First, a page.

‘Not my king’: Charles III inherits a fraying realm

In this file photo taken on April 9, 2005 Prince Charles and Camilla, the Duchess of Cornwall leave a blessing at St Georges Chapel in Windsor Castle after their civil weddingAFP

King Charles III next week formally takes the crown of the United Kingdom. But arguably the realm is more disunited today than at any time since the tempestuous days of his 17th century namesakes.

The elected leaders of Scotland and Wales want to scrap the monarchy; Northern Ireland’s biggest party Sinn Fein wants reunification with the Republic of Ireland; and British republicans are vowing to mar Charles’s big day with protests.

“I consider myself first and foremost a citizen, not a (royal) subject,” Scotland’s new First Minister Humza Yousaf told The National newspaper in March.

He vowed to look at installing an elected head of state within five years of Scotland gaining independence from the UK—even if that goal has receded after numerous setbacks for Yousaf’s ruling Scottish National Party.

Nevertheless, Yousaf plans to attend the coronation, as does Welsh First Minister Mark Drakeford—another avowed republican.

And in a historic first, so will Sinn Fein, which refuses to take its seats in the UK parliament out of opposition to British rule in Northern Ireland.

The nationalist party’s Northern Ireland leader Michelle O’Neill says she will come to Westminster Abbey on May 6 out of respect for the divided territory’s pro-UK unionists.

Further afield in the Commonwealth, political fissures threaten the post-colonial inheritance of the 74-year-old Charles, who is also king in 14 countries outside the UK.

Australia’s government is actively planning to scrap the monarchy. Barbados has already done so.

Footing the bill

Anti-monarchists at home scent a chance to renew debate about the constitutional future of the British royal family, long suppressed by public respect for Charles’s long-reigning mother, Queen Elizabeth II.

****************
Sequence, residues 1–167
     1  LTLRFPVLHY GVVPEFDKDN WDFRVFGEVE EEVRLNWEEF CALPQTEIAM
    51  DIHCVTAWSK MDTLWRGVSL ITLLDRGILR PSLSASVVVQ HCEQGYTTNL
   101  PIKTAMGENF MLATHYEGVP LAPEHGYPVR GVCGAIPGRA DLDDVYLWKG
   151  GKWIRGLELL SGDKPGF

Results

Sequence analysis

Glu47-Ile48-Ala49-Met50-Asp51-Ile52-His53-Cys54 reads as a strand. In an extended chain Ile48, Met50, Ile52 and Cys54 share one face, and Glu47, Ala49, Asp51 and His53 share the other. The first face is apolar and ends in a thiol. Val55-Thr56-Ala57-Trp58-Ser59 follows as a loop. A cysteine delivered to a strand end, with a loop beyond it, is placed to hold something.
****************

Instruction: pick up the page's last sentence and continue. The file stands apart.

“It is a very big opportunity for us, and I think we’re going to make the most of it,” said Graham Smith, chief executive of the pressure group Republic, which wants an elected head of state.

Republic plans demonstrations along the route of the coronation procession, after following Charles at several public events with chants of “not my king” since Elizabeth’s death in September.

Smith acknowledged that the late queen was the monarchy’s “star player” over her record-breaking reign of 70 years.

Her son took over at a relatively advanced age, and enjoys little of the same deference.

“This is far more fertile ground, people are far more willing to listen and engage,” the Republic chief argued.

The group’s arguments are falling on more receptive ears in part because the state is footing the coronation bill, at a time when Britons are enduring the worst cost-of-living crisis in decades.

The final tally will only be made public afterwards, but Smith predicted it would reach at least £100 million ($125 million).

The number of Britons who believe the monarchy is “very important” stands at a record low of 29 per cent, according to annual survey data collated by the National Centre for Social Research (NatCen).

An overall majority still supports the monarchy, but backing falls markedly among the young.

“The challenge going forward will be for the monarchy to deliver its relevance and appeal to a younger generation to maintain this support,” NatCen chief executive Guy Goodwin said.

Civil war

No blood will be split over the future of the monarchy this time—unlike in the 17th century.

Charles I led England into civil war, and ended up losing his head in 1649 a short walk from where his descendant’s coronation will take place.

Charles II remained king of Scotland after his father’s execution, and was restored to the English and Irish thrones after a republican interregnum.

But the religious tensions that were a driving factor of the civil war remained potent. Charles II’s Catholic brother was deposed in favour of Protestant heirs.

The monarchy is more stable today, according to Anna Whitelock, professor of the history of monarchy at City, University of London.

“But yes, it’s a disunited kingdom in many ways. Clearly there’s an opportunity to engage in a debate which just wasn’t in play during the queen’s long reign,” she told AFP.

“Young people especially are beginning to question what the monarchy does, its worth, whether it’s accountable. There’s a shifting of the dial, with the protests and the hashtag #NotMyKing.”

But the republican debate will take time to evolve, Whitelock said. “There’s no chance of this Charles following in the grisly steps of the first one.”